Inflammatory headline alert!
We all know that scientific advancements can bring up ethical dilemmas but I’m a bit skeptical of Duke University geneticist, David Goldstein’s conclusion that parents will be clamoring for “designer babies” as soon as we can just pick and choose those traits we find most desirable and terminate pregnancies willy-nilly when we don’t have that blonde-haired, blue-eyed boy in our uterus. In reality –
By 2020, researchers will have discovered many more genetic variations that substantially raise the risk of common conditions, such as diabetes, heart disease and psychiatric disorders, and it will be possible to detect these in embryos, he said.
Do you know anyone who would terminate a pregnancy if genetic testing showed an increased likelihood of diabetes or bipolar disorder? It’s hard to imagine since most parents receiving genetic counseling and testing are most likely carrying a wanted child. These tests can, however, be helpful to recognize and treat children earlier than you would normally be able to using traditional methods of symptom identification. If you can adjust your child’s diet from birth rather than treating with insulin injections after years of not recognizing the disease, or be alert for signs of schizophrenia and begin treatment before the disease progresses, that’s a good thing.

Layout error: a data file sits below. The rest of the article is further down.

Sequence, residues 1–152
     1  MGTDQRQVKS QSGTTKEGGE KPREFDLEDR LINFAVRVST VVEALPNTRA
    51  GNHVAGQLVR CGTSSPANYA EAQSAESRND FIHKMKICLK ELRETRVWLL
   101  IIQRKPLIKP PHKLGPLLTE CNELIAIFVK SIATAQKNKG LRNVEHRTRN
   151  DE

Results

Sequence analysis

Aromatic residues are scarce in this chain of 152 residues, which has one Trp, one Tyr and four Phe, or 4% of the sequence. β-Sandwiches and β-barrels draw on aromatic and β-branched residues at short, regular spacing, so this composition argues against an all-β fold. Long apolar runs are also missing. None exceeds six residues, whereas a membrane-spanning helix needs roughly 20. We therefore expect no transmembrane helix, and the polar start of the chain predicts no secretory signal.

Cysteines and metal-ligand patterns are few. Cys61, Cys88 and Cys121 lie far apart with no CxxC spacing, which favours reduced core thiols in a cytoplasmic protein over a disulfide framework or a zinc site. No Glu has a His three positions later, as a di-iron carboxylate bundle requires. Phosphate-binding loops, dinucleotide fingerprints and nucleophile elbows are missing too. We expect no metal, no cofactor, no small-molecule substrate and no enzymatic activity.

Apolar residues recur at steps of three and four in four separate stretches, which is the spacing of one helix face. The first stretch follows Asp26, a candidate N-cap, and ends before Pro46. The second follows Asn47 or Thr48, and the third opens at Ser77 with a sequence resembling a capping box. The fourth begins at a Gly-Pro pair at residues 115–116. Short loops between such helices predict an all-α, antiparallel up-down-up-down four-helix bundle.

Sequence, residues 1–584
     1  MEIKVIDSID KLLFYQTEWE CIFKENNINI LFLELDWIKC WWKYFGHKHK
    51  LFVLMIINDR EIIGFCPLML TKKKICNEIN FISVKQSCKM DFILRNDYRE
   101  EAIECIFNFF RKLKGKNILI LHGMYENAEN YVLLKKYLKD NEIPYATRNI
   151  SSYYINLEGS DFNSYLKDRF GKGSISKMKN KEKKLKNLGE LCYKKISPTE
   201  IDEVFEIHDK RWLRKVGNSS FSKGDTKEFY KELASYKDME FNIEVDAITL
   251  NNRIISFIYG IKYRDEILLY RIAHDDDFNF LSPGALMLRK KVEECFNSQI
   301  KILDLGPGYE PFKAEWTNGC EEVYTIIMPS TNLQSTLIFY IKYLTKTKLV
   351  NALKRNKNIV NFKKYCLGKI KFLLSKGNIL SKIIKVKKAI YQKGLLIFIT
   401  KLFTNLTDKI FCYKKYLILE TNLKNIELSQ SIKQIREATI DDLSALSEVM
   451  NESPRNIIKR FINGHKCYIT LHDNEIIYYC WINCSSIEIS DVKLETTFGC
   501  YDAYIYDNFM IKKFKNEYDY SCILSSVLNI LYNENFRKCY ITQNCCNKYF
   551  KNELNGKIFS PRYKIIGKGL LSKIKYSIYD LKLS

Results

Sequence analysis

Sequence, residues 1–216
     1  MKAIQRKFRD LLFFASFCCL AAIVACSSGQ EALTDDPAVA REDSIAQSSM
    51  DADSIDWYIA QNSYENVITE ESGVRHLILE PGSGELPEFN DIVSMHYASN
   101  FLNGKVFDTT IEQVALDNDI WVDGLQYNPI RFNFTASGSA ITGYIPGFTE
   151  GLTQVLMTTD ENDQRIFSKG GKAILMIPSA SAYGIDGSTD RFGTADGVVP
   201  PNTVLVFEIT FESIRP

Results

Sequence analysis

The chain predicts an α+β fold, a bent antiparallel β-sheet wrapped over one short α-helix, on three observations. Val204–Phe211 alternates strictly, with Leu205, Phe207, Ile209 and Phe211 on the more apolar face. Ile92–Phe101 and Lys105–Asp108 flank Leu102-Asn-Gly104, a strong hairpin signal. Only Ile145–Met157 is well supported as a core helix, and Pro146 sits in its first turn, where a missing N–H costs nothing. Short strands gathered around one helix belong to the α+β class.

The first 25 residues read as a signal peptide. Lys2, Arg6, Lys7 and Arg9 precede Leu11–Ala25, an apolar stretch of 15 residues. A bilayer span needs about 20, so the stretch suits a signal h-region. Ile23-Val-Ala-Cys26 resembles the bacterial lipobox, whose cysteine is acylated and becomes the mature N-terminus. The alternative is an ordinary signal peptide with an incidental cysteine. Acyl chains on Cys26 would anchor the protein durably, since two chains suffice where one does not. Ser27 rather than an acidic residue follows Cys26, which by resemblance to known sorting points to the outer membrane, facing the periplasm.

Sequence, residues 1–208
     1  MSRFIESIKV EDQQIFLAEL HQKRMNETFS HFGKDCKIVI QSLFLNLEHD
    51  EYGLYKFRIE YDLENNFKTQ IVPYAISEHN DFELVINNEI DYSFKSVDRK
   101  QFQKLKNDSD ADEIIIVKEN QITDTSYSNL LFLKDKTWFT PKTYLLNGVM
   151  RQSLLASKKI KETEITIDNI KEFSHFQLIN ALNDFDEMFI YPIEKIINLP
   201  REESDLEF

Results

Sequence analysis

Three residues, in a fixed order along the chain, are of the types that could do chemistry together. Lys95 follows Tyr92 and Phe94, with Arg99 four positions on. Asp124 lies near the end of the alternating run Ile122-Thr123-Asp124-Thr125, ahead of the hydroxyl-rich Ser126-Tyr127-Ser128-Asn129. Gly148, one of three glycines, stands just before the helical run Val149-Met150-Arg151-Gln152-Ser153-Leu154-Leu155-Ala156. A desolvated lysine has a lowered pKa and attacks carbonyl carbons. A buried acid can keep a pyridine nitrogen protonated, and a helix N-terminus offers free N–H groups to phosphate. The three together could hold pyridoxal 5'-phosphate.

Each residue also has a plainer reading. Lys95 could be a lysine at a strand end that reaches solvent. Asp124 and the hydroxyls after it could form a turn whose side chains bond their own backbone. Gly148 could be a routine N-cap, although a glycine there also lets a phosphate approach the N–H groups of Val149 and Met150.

Certainly there will be some people out there might use genetic testing in a distasteful manner – there are unethical people no matter what the circumstances. And I’m not trying to diminish the negative effect of sex selection in other cultures, but if you’re using abortion to dispose of your baby girl these scientific advancements are not influencing your decisions.
It’s doubtful learning about a higher risk for disease will cause a future parent to throw in the towel and try again for a “better” baby. After all, you’re still working with what you’ve got; and if you’ve got heart disease in your family it’s not going away just because you terminate every embryo that might be in danger of carrying on this family trait. I trust most people undergoing genetic testing understand this fact.
It’s a new decade, how about we embrace science instead of fearing progress? Yes? Yes!